I have never been aware of the 16 mm NGM stipulation for a "red lined" pressure gauge nor have I ever been challenged at any steam up over the years. It reminds me about the regulations on boiler testing that only actually applies to boilers over a certain size/volume and is there to satisfy public liability concerns for insurance purposes when held at bona fide public venue rather than private locations (I have probably got that one wrong over the years :D) Let the debate commence :) Max

P.S. Looking around a couple of shops offering aftermarket 3/4" pressure gauges, for our hobby, none of them have any "red zones" marked up. I really must get a life :D.
 
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dunnyrail

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In 16mm circles the red line is usually added during the boiler testing process, immediately after the hydrolic test so that when the live steam test is done there is a reference to the blow off pressure of the relevant locomotive. This way the pressure gauge can be adjusted if required to match said red line. All of my Roundhouse Locomotives have that red line.
 

maxi-model

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In 16mm circles the red line is usually added during the boiler testing process, immediately after the hydrolic test so that when the live steam test is done there is a reference to the blow off pressure of the relevant locomotive. This way the pressure gauge can be adjusted if required to match said red line. All of my Roundhouse Locomotives have that red line.
So, from what you are saying Jon, we are agreed that the "red line" on a pressure gauge is one that is generally added subsequent to a boiler test, advised but not mandated by the 16 mm NGM - Calibration 1.2., boilers under 3 bar litres. The marking is not generally required or supplied on a newly manufactured loco prior to purchace. It is the product of this test,or similar, if carried out. I can see why a manufacturer might not apply it - duplication, cost and legal implications spring to mind. Hence the fact some of us might not be familiar with this additional form of calibration on our live steam loco pressure gauges. As I said I have never been challenged nor requested to have this marking showing or evidence of any form of boiler test when running at any local 16 mm NGM group meeting in the past 15 years.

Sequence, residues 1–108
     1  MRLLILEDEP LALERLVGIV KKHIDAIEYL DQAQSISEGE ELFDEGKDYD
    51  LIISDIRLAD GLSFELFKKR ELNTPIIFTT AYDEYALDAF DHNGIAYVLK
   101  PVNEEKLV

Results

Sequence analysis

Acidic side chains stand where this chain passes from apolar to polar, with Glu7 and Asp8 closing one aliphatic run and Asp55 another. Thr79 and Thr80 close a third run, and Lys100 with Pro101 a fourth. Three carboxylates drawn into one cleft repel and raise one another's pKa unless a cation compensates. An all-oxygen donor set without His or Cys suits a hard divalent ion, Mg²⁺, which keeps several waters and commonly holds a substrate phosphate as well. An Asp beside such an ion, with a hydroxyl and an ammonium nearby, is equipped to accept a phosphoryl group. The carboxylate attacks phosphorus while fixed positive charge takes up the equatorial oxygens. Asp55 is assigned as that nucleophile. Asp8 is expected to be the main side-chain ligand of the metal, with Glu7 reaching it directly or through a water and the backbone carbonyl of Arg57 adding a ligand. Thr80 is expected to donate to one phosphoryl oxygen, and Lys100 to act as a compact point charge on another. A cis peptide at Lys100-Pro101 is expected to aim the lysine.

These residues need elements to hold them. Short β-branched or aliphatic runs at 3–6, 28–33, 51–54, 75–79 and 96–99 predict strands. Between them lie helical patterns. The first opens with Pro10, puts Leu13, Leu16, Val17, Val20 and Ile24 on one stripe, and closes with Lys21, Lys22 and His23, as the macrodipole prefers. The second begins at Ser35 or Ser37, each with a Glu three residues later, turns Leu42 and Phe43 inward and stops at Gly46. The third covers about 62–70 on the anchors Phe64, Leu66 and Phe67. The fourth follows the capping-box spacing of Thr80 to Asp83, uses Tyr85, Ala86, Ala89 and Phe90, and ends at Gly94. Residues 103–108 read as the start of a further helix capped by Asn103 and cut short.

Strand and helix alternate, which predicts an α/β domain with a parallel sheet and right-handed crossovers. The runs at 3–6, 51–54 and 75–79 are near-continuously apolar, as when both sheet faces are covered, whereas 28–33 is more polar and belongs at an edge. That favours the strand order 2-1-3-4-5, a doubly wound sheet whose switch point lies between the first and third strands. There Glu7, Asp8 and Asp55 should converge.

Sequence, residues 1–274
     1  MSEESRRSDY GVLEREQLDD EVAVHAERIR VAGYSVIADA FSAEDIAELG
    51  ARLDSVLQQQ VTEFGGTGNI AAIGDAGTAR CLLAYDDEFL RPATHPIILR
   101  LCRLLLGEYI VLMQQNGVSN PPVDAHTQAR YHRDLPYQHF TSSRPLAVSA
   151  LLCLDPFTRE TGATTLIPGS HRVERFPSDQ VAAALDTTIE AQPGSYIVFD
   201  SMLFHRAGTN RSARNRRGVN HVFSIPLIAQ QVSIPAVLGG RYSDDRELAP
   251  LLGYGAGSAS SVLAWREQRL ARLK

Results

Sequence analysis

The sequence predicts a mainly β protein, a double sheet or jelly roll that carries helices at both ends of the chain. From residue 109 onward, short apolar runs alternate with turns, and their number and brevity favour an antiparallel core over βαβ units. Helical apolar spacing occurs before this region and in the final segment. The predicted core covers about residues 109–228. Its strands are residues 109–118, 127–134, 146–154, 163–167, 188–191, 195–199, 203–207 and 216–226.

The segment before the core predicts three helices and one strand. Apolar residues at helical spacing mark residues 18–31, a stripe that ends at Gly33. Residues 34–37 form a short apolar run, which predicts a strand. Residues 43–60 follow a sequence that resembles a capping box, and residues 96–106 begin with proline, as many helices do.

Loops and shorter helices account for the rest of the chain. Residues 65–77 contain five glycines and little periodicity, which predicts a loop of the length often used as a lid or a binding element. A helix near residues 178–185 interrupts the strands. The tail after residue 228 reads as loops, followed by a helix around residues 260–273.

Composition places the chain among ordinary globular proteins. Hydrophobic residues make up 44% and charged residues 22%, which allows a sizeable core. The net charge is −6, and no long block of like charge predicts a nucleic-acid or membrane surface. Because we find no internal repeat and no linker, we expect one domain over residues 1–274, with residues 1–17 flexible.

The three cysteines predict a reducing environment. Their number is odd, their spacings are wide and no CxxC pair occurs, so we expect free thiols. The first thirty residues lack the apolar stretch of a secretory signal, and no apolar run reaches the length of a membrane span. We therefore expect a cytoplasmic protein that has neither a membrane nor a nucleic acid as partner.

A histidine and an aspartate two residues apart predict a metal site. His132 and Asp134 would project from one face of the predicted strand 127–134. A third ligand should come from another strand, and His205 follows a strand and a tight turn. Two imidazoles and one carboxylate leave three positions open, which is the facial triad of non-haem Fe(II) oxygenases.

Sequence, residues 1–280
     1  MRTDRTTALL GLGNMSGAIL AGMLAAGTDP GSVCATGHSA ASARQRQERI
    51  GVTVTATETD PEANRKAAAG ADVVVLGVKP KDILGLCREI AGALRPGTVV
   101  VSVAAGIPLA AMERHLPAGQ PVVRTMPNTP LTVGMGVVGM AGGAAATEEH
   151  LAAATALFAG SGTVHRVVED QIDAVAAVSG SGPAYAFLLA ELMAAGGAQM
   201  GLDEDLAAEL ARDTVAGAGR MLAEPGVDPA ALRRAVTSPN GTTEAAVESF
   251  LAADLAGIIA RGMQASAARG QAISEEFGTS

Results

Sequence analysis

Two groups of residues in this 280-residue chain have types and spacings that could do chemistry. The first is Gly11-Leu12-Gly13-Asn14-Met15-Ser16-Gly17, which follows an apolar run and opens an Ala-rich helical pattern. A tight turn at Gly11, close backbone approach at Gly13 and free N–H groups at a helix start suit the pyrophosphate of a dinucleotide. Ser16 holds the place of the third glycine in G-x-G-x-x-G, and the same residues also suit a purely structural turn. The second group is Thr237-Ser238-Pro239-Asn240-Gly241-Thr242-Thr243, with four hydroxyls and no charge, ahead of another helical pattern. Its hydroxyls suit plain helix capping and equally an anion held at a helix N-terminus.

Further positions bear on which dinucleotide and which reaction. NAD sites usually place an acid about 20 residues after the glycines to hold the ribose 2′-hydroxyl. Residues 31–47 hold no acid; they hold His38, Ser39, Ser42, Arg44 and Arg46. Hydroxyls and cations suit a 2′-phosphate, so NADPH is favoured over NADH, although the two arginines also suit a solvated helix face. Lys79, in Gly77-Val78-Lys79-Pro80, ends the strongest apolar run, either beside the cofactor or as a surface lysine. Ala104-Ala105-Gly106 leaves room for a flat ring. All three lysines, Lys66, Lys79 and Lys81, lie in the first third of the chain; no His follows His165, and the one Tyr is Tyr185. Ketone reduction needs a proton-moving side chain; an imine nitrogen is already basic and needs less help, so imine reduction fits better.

I'm not saying it is unnessesary. Probably highly advisable with a hard working live steamer at some point in its life. But locos offered for sale, new or otherwise, do not seem to be required to have it done and so marked by any trading law. A lot of owners may not be members of associations like the 16 mm NGM that offer the guidance for these tests. Or if they do do not bother to investigate, like me. I live and I learn, as my dear father used to say. Well, it made me go and look it up ;) Max

P.S. My Accucraft and Roundhouse locos were supplied with a test certificate for boiler and gas tanks when new. I always keep,all documentation supplied. They would seem to be under no compunction to add the "red line" form of verification to record both test equipment and the loco's own pressure gauge are in accordance.
 

Paul M

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As a little point of note - While the provision of a safety valve on the Dora seems to be an optional extra down under, in the UK it is listed by the importer as a standard fitment. So, it begs the question - what are the safety regulations and how do they differ, if at all, in the various territories these products can be marketed and operated in ?